Gretchen Reynolds on the science of fitness.
To find out, I talked with three experts about why, and whether, those of us who are active should consider giving up meat or more. None of the experts are themselves vegan, though two are vegetarian: David C. Nieman, a professor of health and exercise science at Appalachian State University, who’s run 58 marathons or ultramarathons and has studied runners at extreme events; and D. Enette Larson-Meyer, an associate professor of human nutrition at the University of Wyoming, as well as a longtime competitive athlete and author of “Vegetarian Sports Nutrition.” A third expert, Nancy Clark, who describes herself as “two-thirds vegetarian” — she doesn’t have meat at breakfast or lunch, but does at dinner — is a sports nutrition expert in Massachusetts and the author of “Nancy Clark’s Food Guide for Marathoners.”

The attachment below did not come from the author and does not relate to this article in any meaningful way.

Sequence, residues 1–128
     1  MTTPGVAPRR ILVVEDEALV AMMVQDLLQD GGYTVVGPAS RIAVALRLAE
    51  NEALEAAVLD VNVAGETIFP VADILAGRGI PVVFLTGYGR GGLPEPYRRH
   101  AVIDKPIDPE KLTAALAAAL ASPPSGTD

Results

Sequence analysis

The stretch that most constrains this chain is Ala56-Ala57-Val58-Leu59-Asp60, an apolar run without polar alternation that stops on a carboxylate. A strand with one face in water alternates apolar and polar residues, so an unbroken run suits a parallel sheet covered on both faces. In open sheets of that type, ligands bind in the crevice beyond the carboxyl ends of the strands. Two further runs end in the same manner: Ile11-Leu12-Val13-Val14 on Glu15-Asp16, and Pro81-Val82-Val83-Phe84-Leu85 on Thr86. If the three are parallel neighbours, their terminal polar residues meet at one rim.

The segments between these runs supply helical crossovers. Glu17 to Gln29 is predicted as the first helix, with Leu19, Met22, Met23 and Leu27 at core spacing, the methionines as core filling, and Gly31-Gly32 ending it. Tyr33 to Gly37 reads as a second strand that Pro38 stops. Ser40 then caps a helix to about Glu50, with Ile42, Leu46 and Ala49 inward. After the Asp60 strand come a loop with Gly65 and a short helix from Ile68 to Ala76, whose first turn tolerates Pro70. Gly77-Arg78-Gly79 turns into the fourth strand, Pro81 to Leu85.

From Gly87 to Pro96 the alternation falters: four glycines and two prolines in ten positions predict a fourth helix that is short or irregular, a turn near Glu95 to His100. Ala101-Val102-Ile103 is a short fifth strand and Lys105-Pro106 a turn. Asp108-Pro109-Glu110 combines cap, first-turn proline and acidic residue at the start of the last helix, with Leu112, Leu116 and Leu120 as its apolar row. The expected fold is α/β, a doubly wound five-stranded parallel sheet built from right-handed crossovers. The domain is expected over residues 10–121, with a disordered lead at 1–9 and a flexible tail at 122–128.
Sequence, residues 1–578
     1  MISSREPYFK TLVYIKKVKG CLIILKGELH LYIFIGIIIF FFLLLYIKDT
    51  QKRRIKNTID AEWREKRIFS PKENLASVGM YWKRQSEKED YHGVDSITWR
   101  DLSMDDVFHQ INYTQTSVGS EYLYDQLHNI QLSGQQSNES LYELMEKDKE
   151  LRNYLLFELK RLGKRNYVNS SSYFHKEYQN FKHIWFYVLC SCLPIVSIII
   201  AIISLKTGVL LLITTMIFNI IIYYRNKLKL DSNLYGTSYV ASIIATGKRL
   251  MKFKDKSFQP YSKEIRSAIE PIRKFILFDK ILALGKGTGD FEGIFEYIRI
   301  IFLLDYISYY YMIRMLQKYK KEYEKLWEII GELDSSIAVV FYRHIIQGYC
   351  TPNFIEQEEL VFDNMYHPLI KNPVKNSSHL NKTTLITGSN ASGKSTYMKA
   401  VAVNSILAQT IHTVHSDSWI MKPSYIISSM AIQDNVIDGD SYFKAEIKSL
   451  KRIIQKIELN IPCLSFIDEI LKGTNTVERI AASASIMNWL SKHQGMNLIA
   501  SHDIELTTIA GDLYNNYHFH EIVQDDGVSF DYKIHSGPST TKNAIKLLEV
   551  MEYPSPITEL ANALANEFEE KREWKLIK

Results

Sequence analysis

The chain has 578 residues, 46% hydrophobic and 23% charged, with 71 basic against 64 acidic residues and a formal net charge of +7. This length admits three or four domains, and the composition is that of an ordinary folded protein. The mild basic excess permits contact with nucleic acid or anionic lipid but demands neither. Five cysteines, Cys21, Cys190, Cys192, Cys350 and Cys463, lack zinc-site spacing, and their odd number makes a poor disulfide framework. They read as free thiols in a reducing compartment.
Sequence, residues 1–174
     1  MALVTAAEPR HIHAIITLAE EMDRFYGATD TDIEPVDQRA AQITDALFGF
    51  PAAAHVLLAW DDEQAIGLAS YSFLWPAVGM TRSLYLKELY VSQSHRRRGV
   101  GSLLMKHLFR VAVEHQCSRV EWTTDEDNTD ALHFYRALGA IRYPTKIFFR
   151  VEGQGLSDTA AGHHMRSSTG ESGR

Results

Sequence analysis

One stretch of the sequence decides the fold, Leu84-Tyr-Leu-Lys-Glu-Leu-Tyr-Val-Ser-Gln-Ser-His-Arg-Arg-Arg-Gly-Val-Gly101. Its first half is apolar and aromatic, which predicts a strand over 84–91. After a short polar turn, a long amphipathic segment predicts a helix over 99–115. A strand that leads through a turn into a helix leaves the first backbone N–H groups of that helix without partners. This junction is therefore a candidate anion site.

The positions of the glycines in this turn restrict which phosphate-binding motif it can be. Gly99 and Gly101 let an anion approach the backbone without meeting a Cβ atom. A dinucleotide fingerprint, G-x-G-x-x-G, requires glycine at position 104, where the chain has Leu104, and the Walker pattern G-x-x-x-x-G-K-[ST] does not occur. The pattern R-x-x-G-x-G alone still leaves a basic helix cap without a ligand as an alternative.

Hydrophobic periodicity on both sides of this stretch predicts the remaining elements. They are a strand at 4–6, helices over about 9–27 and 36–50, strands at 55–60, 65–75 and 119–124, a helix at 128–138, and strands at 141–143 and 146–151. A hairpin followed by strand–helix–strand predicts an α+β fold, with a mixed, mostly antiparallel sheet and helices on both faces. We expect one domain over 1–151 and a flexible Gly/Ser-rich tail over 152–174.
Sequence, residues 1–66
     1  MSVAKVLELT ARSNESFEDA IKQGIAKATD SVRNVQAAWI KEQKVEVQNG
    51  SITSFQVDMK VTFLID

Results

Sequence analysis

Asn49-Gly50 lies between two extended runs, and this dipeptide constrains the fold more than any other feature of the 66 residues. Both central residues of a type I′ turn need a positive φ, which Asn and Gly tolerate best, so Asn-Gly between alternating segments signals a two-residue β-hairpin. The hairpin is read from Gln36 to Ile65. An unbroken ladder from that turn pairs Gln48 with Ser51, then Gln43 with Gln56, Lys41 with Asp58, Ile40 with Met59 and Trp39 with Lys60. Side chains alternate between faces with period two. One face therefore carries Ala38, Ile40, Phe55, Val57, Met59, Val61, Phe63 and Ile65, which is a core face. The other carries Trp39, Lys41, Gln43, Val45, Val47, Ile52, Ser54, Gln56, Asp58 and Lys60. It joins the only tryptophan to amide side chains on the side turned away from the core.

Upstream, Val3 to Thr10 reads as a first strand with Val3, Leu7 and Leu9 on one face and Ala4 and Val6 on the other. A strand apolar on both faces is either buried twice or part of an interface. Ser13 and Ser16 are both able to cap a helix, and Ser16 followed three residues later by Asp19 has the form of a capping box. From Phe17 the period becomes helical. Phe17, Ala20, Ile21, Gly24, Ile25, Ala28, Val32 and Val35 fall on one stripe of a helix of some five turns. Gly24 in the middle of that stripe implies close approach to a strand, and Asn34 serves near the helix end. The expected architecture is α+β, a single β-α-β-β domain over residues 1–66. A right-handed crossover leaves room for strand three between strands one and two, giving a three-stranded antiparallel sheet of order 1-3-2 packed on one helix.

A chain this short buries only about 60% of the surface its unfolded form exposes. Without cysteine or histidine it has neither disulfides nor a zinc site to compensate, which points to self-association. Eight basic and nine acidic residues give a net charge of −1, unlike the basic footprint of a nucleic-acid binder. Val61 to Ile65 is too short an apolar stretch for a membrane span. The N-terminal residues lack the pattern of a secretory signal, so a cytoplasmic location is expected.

Will a vegan diet make someone a better athlete?
Nancy Clark: I was just at the American College of Sports Medicine Annual meeting in San Francisco, and there was a presentation about vegetarian athletes that basically concluded that there’s not enough research to know how vegetarian — let alone vegan — diets affect athletes. But anecdotally, people do fine. It’s possible that some vegan athletes are low on creatine, a nutrient that you get only from meat and that can help during short bouts of intense exercise, like sprinting, though supplementation isn’t necessary. My feeling is that hard training trumps everything. Diet, if it’s healthy, isn’t going to make that much difference.